I don’t believe so. Some kids and their parents would be dead today if we had not done that. But it’s true that real damage happened as a result of the closings that we have to work hard to fix.
Do you think the school unions have too much power in this city?
Well, I was happy to settle their strike in this office. No, they don’t have too much power. I think we have a still-somewhat-broken education system that is in bad need of repair and investment. But I’m very optimistic. I think the pandemic was actually a moment when the school district was at its best and came together really well. And it did much more than just schooling and helped people who were food insecure and had health care needs. I hope that spirit continues forward. I will say that we showed we could educate our kids even in the midst of a global emergency.
If you consider the city’s response to COVID as a high point, I imagine a low point would be the Rick Jacobs sexual harassment controversy. You said that you had no idea that anything was going on. Should you have been more attuned? He was, after all, one of your top lieutenants.
Well, there’s an assumption in your question that all these things that he was accused of actually happened. I only knew what I knew, period. And I did not witness that behavior. And if I had, I would’ve done something to address it. I won’t stand for that even from the closest of friends. I was a survivor of sexual harassment in high school myself.
You are a survivor of sexual harassment?
Yes. I testified in Congress in my position as president of the National Student Coalition Against Harassment for the first Violence Against Women Act. That was my first time ever in Congress.
Who harassed you?
I’d rather not talk about that. But it led me to the work that I did.
Some of your most vociferous critics have been your former aides, people like [former communications Chief] Naomi Seligman and her successor, Suzi Emmerling. Why do you think they have come after you? Why are they so angry and upset?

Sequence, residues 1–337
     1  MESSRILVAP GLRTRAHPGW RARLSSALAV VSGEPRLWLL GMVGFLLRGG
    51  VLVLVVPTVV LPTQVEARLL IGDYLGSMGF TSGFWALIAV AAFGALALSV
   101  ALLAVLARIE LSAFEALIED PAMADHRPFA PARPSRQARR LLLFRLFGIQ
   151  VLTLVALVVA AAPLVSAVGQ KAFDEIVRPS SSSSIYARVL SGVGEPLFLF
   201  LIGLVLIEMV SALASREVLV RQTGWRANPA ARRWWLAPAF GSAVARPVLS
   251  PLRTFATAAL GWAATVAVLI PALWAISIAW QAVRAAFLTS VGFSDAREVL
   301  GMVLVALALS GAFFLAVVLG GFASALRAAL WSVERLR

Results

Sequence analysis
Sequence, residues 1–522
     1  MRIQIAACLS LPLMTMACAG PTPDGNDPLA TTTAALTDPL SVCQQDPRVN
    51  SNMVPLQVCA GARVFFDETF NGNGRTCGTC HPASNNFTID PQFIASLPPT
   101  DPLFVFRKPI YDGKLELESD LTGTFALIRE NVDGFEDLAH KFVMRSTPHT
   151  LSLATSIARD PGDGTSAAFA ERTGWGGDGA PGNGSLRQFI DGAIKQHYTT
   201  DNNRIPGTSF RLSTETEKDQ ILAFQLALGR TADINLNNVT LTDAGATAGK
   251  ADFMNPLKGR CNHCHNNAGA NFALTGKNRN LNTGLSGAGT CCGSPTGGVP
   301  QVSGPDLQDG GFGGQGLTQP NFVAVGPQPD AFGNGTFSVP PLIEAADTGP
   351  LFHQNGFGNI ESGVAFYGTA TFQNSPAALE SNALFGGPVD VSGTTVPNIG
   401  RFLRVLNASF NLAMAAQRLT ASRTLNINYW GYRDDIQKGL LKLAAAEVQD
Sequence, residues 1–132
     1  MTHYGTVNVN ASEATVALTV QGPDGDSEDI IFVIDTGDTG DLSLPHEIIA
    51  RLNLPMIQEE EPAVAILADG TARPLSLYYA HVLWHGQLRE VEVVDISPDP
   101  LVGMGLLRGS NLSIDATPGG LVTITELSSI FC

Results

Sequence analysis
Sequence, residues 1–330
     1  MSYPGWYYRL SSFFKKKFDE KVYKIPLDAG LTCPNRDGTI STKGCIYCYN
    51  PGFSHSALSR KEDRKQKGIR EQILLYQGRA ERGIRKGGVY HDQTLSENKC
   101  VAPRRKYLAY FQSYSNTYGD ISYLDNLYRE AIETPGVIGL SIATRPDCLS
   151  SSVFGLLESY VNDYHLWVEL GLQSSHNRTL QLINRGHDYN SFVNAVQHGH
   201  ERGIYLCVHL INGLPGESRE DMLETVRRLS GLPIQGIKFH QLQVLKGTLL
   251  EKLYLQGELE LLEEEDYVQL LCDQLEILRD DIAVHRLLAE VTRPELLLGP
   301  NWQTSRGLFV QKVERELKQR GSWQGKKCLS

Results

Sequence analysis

Conflicts happen between people. But when it comes to specific accusations of sexual harassment, which I take incredibly seriously, all I can say is, that’s not something that I witnessed.
But you don’t talk to Rick Jacobs anymore.
We have not talked since November [of 2020].
Why is that, if he didn’t do anything wrong?
Because we’re going to be in a court case, and everybody’s legal advice…is all those conversations then become something that’s part of a court record.
The two of you were recently seated across from each other on a plane. That must have been awkward.
[Laughs} I wouldn’t say it was awkward, but the flight didn’t last very long.
As an early Biden supporter and the leader of his transition team, you seemed destined for a plum cabinet position. But the fallout from the Rick Jacobs controversy seemed to sink your chances for a cabinet post and may now imperil your ambassadorship to India. Are you frustrated about how that’s played out?
I was honest with the city last December when I said I couldn’t leave in the midst of a pandemic when people were dying. And that’s when the appointment would’ve happened if it moved forward. I didn’t work for Joe Biden to get a new job. I have a great job here that I’m going to love and value until the last day. And I’ve never called the president asking for a job. Not once!